Amendments to the VET law have been under public consultation since January 2020. They introduce partial awards (as opposed to full qualifications only) and flexible pathways for acquiring qualifications through lifelong learning (Cedefop ReferNet, 2020). VET schools are being equipped with modern technologies. Since the merging of smaller schools into bigger VET centres in the past decade, their modernisation has been a priority. The current strategy for upgrading school equipment is focused on 17 ‘priority education programme groups’ and covers high-speed internet and software for training. Digital literacy courses are offered to VET teachers though the 2016-2022 national ESF project17 (Daija et al, 2019).
The covid-19 pandemic had an impact on VET in Latvia18. VET exams were held in two parts: the theoretical part will be taken remotely and the practical part will be on-site in small groups, following strict health restrictions. VET institutions can reduce the length of internships after assessing the situation and the specifics of the study programme. In vocational secondary and 3-year programmes, internships can be reduced by 320 hours maximum, in vocational basic education programmes – by 240 hours maximum.
7. Modernising higher education
The share of young adults with tertiary education is high and growing, but the gender gap in tertiary attainment remains significant. 45.7% of Latvian 30-34 year-olds had a tertiary qualification in 2019, up from 42.7% in 2018 and well above the EU average of 40.3%. The increase was more marked for men (from 30.6% to 35%) than for women (from 55.2% to 57%). The gender gap is thus lower than in 2018, but remains twice the EU average (22 pps v 10.5 pps). STEM graduates were 20% of all graduates in 2018, well below the EU average of 25.4%. The proportion of graduates in natural sciences, mathematics and statistics was the lowest in the EU (2.7% v 6.4%).
Latvian graduates have the highest employment rate in the EU, pointing to significant returns to higher education. The employment rate of recent tertiary graduates in the 20-34 age group reached 96.6% 2019 (up from 91.3% in 2018) and is significantly higher than the EU average of 85%. This is in stark contrast to the employment rate of VET graduates (ISCED 3-4), at 65.6% one of the lowest in the EU.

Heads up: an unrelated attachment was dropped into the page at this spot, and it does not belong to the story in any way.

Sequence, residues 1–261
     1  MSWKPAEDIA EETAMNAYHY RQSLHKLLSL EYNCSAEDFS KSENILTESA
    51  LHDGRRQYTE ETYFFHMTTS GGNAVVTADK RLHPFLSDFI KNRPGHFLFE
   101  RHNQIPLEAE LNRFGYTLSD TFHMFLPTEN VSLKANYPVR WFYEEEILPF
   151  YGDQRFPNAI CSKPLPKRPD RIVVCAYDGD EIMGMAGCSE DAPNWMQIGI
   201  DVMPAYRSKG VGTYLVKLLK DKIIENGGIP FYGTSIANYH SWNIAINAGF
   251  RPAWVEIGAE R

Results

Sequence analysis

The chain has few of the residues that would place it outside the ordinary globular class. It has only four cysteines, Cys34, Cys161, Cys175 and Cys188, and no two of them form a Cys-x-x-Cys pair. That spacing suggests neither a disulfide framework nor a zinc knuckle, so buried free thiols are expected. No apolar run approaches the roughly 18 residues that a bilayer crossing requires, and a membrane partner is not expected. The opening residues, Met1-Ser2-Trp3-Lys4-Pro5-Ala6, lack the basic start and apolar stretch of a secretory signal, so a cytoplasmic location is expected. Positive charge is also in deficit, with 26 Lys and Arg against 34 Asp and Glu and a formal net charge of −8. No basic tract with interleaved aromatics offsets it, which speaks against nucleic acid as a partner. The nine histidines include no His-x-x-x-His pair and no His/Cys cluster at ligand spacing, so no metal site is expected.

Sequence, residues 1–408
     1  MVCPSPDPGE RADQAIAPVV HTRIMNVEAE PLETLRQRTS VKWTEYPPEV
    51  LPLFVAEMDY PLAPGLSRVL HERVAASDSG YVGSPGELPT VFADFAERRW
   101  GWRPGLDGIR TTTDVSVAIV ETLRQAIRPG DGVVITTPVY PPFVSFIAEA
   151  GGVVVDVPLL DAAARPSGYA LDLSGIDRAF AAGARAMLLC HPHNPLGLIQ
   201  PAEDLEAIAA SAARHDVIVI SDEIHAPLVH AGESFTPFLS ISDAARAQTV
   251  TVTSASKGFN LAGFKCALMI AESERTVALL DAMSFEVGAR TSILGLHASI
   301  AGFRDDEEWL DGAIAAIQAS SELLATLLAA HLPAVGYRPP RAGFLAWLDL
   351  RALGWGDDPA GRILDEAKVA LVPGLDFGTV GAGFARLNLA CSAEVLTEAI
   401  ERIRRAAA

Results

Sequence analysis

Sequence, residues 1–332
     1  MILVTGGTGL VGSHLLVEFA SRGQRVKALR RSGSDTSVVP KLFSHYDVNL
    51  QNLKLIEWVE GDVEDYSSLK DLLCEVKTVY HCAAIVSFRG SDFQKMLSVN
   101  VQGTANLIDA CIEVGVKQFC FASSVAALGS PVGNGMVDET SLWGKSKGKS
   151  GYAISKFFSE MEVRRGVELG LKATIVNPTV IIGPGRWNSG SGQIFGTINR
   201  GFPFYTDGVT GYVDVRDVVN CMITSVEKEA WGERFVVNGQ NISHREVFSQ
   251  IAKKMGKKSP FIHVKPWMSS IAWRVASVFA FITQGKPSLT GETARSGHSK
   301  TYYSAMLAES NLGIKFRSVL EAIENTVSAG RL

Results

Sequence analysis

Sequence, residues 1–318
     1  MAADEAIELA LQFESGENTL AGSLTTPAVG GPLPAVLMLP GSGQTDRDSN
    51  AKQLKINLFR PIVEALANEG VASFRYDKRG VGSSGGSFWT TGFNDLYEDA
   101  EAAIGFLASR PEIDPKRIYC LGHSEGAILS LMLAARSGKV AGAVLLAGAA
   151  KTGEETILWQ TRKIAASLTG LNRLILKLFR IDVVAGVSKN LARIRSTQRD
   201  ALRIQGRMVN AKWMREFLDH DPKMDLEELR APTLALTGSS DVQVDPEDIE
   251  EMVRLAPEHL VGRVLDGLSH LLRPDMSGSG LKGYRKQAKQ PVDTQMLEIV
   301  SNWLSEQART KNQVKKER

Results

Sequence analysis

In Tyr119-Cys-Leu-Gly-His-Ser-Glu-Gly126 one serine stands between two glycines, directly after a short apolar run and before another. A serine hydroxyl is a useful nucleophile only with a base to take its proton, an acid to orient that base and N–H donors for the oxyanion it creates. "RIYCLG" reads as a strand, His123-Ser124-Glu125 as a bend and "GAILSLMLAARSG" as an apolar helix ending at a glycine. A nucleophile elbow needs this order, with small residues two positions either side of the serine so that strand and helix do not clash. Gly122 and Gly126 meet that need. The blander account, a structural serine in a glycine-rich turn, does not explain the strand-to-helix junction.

Latvia’s graduate tracking system is in its early stages of implementation. The register of students and graduates was launched in 2017 and gathers individual data about graduates’ employment status, field of work and salary; education institution, study programme and degree related information; and demographic characteristics. The register will eventually form the basis for higher education graduate outcome and study quality monitoring. It will also inform the general public and potential students, and provide objective information to policymakers and experts for analysis of employment and career development over time.
A reform of the governance of higher education institutions is under way and could increase their strategic capacity and academic competitiveness. The MoES has submitted to parliament proposals to increase the international competitiveness of the HE sector19. The proposals will be incorporated into laws in the course of 2020 and implemented gradually, first in universities (2020–2022) and then in colleges (2022–2023). The reform is expected to deliver systemic results by 2025-2027, which, in turn, will allow a new HE development plan to be prepared from 2028 onwards. The areas targeted by the reform are:
- Governance: separation of academic and strategic decision-making by introducing executive boards tasked with ensuring strategic management while guaranteeing the autonomy, openness and transparency of HEIs.
- Funding: state funding will be allocated according to performance outcomes, priorities set by the state and the goals of the individual HEI. The boards will be responsible for allocating co-financing for project funding obtained from external sources. This will incentivise HEI management to attract external funding more effectively, diversifying funding sources and ensuring strategic long-term development regardless of annual fluctuations in the state budget.
- Human resources: a unified career model for academic teaching and research staff is to be developed, aiming to increase the competitiveness of higher education and science and ensure the development of new talents.
Box 2: Developing effective governance at Riga Technical University (RTU) with ESF support